News at a glance

19th December 2014 at 00:00

All I want for Christmas inspection

A petition has been launched calling on Ofsted not to hold inspections in the run-up to Christmas. The campaign was started by parent Emily Hatch after an inspection began at Poulner Junior School in Hampshire on Tuesday, three days before the end of term. Ms Hatch said the last week of term was not a "fair" time to carry out an inspection, with teachers "run off their feet" overseeing "Christmas performances, parties and lots of well-earned fun activities". More than 160 people signed in the first two days of the campaign. Find the petition at bit.lyXmasInspection

Top private school bids to sponsor academy

A leading independent school has announced plans to sponsor a state-funded academy. Haileybury in Hertfordshire said that, if the proposals were approved, it hoped to become sole sponsor of Turnford School in nearby Cheshunt by September 2015. The partnership would follow 18 months of collaboration between the schools, with Haileybury supporting Turnford with university applications and including pupils from the school in its Combined Cadet Force. Joe Davies, master of Haileybury, said: "Haileybury is delighted to support Turnford's ambition to become an academy school. By sharing our expertise and resources, we believe we can make a difference to Turnford pupils' achievements by helping them fulfil their academic potential."

Study reveals Oxbridge starting salary premium

Graduates from Oxford and Cambridge universities earn 42 per cent more than those from newer universities in their first job, research shows. The study, commissioned by social mobility charity the Sutton Trust, finds that people with Oxbridge degrees have an average starting salary of pound;25,600, compared with just pound;18,000 for those from "post-1992" universities. The research, Earning by Degrees (available at, also reveals a large salary premium for graduates starting careers in medicine, engineering and technology, economics and computer science.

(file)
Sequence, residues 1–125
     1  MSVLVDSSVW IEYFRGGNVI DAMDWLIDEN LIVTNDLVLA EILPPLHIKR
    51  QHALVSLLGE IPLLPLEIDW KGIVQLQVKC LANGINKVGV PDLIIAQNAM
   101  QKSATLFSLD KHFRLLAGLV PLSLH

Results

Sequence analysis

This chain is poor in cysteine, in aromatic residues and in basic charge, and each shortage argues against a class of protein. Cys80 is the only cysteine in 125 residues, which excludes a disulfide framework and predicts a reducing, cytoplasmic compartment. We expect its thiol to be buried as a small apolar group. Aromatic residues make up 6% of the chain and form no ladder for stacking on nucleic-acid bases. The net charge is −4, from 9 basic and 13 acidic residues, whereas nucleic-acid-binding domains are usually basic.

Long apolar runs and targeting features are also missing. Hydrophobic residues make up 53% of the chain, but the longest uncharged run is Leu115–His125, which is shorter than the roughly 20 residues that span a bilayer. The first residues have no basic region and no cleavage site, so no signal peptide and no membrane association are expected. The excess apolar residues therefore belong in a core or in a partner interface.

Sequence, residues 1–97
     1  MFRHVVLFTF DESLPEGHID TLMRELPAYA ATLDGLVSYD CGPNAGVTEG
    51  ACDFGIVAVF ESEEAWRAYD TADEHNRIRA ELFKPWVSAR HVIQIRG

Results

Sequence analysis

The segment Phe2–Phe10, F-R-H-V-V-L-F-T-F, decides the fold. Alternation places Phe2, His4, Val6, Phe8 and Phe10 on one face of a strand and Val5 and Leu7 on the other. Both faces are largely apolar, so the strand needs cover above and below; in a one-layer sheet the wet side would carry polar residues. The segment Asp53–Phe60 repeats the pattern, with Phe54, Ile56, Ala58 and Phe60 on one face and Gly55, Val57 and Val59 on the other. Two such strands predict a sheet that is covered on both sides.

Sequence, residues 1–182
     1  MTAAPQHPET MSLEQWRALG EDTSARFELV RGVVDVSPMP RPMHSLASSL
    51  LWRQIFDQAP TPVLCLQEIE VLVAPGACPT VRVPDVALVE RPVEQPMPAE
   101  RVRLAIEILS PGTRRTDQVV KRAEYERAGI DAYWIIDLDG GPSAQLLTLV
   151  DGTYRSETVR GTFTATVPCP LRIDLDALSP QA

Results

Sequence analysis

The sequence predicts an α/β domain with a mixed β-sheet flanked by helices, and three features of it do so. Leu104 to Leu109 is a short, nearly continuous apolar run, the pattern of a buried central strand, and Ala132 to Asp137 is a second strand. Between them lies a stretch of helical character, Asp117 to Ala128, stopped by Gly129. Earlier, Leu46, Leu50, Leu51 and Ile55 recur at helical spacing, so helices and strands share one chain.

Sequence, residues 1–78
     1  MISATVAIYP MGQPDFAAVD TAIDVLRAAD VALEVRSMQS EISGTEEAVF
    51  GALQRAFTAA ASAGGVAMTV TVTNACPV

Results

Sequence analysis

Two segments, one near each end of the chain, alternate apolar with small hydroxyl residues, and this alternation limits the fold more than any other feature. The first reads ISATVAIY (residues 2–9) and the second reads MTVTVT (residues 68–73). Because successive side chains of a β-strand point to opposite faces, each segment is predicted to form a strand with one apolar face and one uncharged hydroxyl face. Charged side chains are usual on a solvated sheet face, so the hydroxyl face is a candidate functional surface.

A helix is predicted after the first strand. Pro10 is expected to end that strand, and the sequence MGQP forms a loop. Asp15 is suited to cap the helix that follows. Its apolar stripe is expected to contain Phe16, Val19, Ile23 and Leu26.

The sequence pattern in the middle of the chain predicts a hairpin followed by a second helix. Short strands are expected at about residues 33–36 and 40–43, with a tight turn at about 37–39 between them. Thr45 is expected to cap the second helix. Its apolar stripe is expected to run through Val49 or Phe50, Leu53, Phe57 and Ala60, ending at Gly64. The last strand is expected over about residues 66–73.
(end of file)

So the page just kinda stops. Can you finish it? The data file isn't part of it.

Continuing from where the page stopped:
`Vaping' more popular than smoking for US teens

School pupils in the US are more likely to smoke an e-cigarette than a traditional one, major research by the National Institute on Drug Abuse suggests (bit.lyNIDAstudy). According to the survey of 41,000 students from public and private schools, 17 per cent of 12th graders (aged 17-18) reported "vaping" in the previous month, compared with 13.6 per cent who reported smoking a traditional cigarette. Among 10th graders, e-cigarettes had been used by 16 per cent, compared with 7 per cent for regular cigarettes.

Excluded pupils `shine' in BBC documentary

One of the largest schools for pupils who have been removed from mainstream education because of poor behaviour is to feature in a BBC Three documentary. The three-part programme, Excluded: kicked out of school tells the inside story of the Bridge Alternative Provision Academy in south-west London. Clare Paterson, commissioning editor at the BBC, said: "The kids shine through in this series. As a viewer you want them to succeed and you get to see how important it is that they do." The first episode will air on Thursday 15 January.

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